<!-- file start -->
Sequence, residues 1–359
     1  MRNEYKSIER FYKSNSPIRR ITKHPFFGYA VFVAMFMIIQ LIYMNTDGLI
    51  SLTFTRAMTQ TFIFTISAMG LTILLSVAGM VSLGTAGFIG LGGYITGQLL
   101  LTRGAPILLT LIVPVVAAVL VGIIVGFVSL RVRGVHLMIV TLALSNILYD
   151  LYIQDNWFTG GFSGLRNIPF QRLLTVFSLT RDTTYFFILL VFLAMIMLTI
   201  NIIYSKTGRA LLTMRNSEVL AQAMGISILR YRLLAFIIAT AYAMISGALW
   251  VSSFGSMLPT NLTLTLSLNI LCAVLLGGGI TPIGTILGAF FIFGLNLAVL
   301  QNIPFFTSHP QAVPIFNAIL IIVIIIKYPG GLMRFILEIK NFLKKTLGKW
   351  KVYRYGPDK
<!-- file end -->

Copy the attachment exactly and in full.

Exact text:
Sequence, residues 1–359
     1  MRNEYKSIER FYKSNSPIRR ITKHPFFGYA VFVAMFMIIQ LIYMNTDGLI
    51  SLTFTRAMTQ TFIFTISAMG LTILLSVAGM VSLGTAGFIG LGGYITGQLL
   101  LTRGAPILLT LIVPVVAAVL VGIIVGFVSL RVRGVHLMIV TLALSNILYD
   151  LYIQDNWFTG GFSGLRNIPF QRLLTVFSLT RDTTYFFILL VFLAMIMLTI
   201  NIIYSKTGRA LLTMRNSEVL AQAMGISILR YRLLAFIIAT AYAMISGALW
   251  VSSFGSMLPT NLTLTLSLNI LCAVLLGGGI TPIGTILGAF FIFGLNLAVL
   301  QNIPFFTSHP QAVPIFNAIL IIVIIIKYPG GLMRFILEIK NFLKKTLGKW
   351  KVYRYGPDK